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Understanding the Connection Between Cancer and Weight Loss
People with cancer commonly experience progressive and often profound weight loss. This is usually a combination of loss of body fat and muscle mass. It is frequently accompanied by extreme weakness, reduced appetite and anemia.
Understanding Cancer Cachexia
This syndrome where the body wastes away is referred to as cancer cachexia. Cancer cachexia is more frequently associated with advanced cancer, although unexplained weight loss of more than 5 percent of body weight can sometimes be the first sign in early cancer.
It occurs in about 50 – 85 percent of cancer sufferers and is more commonly associated with particular types of cancers, such a pancreatic, bowel and lung cancer. Cancer cachexia affects quality of life and makes cancer treatments more difficult to tolerate.
Most people will be surprised to discover that cancer cachexia is directly responsible for death in about a quarter to a third of cancer patients. Greater weight loss is associated with a poorer prognosis.
The cause of this cancer-induced wasting syndrome is not fully understood. Cancer cells do use up a lot of energy as they replicate constantly. However, a human fetus grows more rapidly and uses more energy than most cancers, yet pregnant women do not waste away.
Even small tumors can cause cachexia. So, energy used by the cancer is not responsible for the weight loss.
Cancer does commonly cause reduced appetite. This may be due to changes in taste and also due to changes in the areas of the brain that control appetite. However, studies show that reduced appetite alone is not enough to explain weight loss in cancer and, indeed, not all people with cachexia have reduced appetite.
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However, anorexia does contribute. Cancer causes profound changes in the body’s metabolism, with significantly increased body-wide energy use. Uniquely, cancer promotes the break-down of muscle, as well as fat, to provide for this increased energy need. This is different to the mostly fat loss that occurs with deliberate weight loss or even starvation.
Looking at the Research
Scientists are beginning to work out some of the mechanisms responsible for the muscle wasting and fat loss in cancer. Current research indicates that multiple factors are involved.
The cancer cells themselves produce substances that promote weight loss. Scientists recently discovered one such substance, called MIC-1. This is a protein that is found in the blood of non-cancerous people. However, many cancer cells produce large amounts of MIC-1, causing the levels in the blood to rise to 10 to 100 times normal levels.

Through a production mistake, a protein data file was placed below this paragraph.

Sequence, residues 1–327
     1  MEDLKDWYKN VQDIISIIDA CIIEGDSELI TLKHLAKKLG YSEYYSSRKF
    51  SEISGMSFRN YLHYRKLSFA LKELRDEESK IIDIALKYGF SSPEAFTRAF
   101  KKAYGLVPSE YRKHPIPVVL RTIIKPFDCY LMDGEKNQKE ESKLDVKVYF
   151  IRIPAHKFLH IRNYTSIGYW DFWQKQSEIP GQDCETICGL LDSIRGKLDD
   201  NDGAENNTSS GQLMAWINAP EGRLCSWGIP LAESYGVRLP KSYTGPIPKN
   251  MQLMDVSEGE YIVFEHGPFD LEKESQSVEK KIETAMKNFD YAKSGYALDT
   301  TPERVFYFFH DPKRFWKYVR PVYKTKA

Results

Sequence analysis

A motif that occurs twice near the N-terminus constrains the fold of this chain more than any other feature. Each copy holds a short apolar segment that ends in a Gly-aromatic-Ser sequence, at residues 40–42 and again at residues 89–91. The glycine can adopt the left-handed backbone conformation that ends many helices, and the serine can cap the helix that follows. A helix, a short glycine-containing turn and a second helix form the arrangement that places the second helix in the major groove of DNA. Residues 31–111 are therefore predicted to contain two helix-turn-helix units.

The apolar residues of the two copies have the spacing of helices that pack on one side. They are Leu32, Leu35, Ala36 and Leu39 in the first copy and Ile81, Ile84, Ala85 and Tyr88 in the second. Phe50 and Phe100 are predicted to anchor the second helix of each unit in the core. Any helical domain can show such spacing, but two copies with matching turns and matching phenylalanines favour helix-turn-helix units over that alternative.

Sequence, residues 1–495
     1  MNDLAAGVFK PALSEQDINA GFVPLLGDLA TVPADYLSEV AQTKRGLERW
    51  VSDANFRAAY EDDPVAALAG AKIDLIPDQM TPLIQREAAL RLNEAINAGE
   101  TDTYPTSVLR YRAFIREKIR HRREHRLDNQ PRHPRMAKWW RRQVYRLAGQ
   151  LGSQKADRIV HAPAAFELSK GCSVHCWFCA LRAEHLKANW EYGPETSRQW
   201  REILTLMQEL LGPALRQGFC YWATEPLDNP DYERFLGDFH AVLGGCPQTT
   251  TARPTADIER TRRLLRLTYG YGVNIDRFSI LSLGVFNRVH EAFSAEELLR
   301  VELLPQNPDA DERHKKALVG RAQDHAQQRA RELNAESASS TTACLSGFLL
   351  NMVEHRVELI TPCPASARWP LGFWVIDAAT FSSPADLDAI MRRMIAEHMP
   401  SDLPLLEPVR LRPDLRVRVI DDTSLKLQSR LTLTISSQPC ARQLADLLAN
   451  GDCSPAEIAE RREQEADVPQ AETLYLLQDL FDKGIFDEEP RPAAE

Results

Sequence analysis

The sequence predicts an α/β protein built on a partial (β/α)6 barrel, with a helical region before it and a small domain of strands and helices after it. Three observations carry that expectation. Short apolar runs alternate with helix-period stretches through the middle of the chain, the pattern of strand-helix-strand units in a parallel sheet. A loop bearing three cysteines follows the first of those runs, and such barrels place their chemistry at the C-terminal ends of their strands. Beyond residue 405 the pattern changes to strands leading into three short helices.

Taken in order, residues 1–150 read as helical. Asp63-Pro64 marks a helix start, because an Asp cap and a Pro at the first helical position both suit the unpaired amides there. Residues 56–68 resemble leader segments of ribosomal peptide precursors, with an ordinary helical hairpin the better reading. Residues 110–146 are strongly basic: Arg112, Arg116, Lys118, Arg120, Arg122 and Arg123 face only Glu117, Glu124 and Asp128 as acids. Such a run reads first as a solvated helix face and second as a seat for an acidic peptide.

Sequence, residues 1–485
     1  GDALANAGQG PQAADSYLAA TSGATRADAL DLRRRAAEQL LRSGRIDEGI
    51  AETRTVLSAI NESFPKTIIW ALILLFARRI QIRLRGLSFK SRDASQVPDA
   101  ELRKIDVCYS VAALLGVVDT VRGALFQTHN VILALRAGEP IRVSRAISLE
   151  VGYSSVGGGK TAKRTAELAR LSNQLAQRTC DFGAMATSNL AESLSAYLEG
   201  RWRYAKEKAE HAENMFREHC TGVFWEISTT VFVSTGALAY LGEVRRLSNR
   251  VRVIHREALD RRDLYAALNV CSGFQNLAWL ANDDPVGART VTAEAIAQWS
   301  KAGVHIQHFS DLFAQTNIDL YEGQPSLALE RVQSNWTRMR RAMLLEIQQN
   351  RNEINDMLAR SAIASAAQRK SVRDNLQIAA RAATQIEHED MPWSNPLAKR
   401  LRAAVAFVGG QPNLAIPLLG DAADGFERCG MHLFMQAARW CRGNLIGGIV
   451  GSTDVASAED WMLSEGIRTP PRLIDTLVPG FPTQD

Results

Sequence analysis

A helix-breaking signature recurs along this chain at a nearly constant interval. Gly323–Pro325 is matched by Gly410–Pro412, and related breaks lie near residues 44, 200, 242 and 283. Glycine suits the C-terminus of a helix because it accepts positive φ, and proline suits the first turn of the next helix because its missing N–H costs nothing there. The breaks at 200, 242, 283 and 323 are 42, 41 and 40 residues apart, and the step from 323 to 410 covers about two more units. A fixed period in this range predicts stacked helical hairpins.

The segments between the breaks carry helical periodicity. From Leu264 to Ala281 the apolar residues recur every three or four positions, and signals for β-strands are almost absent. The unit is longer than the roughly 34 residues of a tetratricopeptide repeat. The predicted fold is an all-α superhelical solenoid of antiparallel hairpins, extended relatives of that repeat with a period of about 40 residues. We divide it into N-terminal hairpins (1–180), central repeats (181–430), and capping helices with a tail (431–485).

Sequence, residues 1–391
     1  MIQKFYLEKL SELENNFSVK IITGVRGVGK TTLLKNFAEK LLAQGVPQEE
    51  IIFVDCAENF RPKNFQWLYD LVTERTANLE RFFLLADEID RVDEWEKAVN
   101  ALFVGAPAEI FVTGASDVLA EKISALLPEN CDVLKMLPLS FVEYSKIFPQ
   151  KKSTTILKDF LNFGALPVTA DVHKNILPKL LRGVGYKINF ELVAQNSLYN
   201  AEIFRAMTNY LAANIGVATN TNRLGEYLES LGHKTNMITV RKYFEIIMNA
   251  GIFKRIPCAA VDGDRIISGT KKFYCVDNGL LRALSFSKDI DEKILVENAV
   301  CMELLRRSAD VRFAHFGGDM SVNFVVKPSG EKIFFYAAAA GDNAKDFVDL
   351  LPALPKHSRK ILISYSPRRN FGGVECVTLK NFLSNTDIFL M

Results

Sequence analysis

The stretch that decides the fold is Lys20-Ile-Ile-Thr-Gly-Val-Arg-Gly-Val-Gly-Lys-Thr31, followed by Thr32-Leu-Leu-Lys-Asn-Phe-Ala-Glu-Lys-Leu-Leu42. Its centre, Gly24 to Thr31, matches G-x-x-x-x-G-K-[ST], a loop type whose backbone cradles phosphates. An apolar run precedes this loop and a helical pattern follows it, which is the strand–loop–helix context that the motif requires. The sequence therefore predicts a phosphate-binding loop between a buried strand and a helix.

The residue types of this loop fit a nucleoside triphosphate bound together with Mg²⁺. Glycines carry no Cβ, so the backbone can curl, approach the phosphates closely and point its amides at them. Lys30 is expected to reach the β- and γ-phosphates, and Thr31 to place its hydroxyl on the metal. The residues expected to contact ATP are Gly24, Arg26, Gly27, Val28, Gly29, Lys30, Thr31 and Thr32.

Studies have shown that MIC-1 contributes to weight loss solely by suppressing appetite and food intake. Cancer cells also directly produce substances that tell the body to breakdown muscle and fat. One such substance is called PIF.
The body also responds to cancer by producing substances called cytokines, which sends the body’s immune system into overdrive. These inflammatory cytokines have multiple effects on the body’s hormones and metabolism, causing the breakdown of muscle and fat and increasing the body’s resting metabolic rate.
Researchers have found one specific effect of these cytokines is to turn white fat into brown fat. Brown fat is the main fat babies have, which burns energy to keep them warm. Why the white fat is turned into brown fat is unknown, but it commonly occurs in cancer patients and causes an increase in the body’s resting energy needs.
It seems there are many substances involved in weight loss in cancer. Science is still in the early stages of finding out what these substances are and how they cause this cancer-induced wasting syndrome.
While weight loss is commonly caused directly by the cancer or the body’s response to the cancer, weight loss can also be exacerbated by other factors. Decrease appetite can be caused by pain, nausea, vomiting, changes in taste, and mouth sores from radiation therapy or chemotherapy.
Also, while destroying cancer cells, chemotherapy and radiation therapy cause damage to other areas of the body, such as the blood, skin and intestines. It takes energy for these areas to repair themselves.
Cancers involving the stomach or intestines can also reduce the nutrients extracted from food. Diarrhea and vomiting from treatment can also cause loss of nutrients. Fatigue can also cause reduced activity, which can contribute to muscle wasting.
Cachexia is a horrible side effect of cancer. Currently, there is no treatment and it cannot be prevented or adequately counteracted by increased nutrition.
Scientists are working hard to understand why this wasting syndrome occurs. In the future they hope to be able to target the precise mechanisms responsible for the wasting syndrome with a view to restricting cancer-induced weight loss.
If you are suffering from weight loss due to cancer, try to eat as much nutritious food as you can tolerate. While you may not feel hungry, weight loss means the body is not getting the energy it needs.
You will need to stay as strong as you can for cancer therapies. Eat well, do strengthening exercises to maintain muscle tone, and ask your doctor if there are any therapies or medications that might help.